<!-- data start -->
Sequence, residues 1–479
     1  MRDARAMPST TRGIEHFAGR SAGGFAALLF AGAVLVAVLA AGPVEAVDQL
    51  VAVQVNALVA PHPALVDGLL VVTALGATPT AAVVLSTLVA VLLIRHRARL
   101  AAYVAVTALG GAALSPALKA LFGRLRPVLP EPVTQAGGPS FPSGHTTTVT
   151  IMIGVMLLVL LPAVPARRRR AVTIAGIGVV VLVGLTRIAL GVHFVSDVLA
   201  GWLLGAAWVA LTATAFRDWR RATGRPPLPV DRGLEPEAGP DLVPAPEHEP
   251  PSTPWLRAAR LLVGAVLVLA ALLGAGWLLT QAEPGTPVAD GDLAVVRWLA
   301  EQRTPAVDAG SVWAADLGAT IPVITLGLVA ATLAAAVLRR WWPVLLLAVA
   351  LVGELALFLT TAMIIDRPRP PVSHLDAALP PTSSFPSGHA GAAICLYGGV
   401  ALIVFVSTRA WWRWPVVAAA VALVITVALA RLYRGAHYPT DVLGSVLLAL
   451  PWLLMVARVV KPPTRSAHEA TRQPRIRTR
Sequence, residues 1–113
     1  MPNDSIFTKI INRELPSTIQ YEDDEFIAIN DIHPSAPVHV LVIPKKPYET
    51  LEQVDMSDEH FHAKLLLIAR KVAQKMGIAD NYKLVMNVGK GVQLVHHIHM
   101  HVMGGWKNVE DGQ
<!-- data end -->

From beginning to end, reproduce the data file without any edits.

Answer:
Sequence, residues 1–479
     1  MRDARAMPST TRGIEHFAGR SAGGFAALLF AGAVLVAVLA AGPVEAVDQL
    51  VAVQVNALVA PHPALVDGLL VVTALGATPT AAVVLSTLVA VLLIRHRARL
   101  AAYVAVTALG GAALSPALKA LFGRLRPVLP EPVTQAGGPS FPSGHTTTVT
   151  IMIGVMLLVL LPAVPARRRR AVTIAGIGVV VLVGLTRIAL GVHFVSDVLA
   201  GWLLGAAWVA LTATAFRDWR RATGRPPLPV DRGLEPEAGP DLVPAPEHEP
   251  PSTPWLRAAR LLVGAVLVLA ALLGAGWLLT QAEPGTPVAD GDLAVVRWLA
   301  EQRTPAVDAG SVWAADLGAT IPVITLGLVA ATLAAAVLRR WWPVLLLAVA
   351  LVGELALFLT TAMIIDRPRP PVSHLDAALP PTSSFPSGHA GAAICLYGGV
   401  ALIVFVSTRA WWRWPVVAAA VALVITVALA RLYRGAHYPT DVLGSVLLAL
   451  PWLLMVARVV KPPTRSAHEA TRQPRIRTR
Sequence, residues 1–113
     1  MPNDSIFTKI INRELPSTIQ YEDDEFIAIN DIHPSAPVHV LVIPKKPYET
    51  LEQVDMSDEH FHAKLLLIAR KVAQKMGIAD NYKLVMNVGK GVQLVHHIHM
   101  HVMGGWKNVE DGQ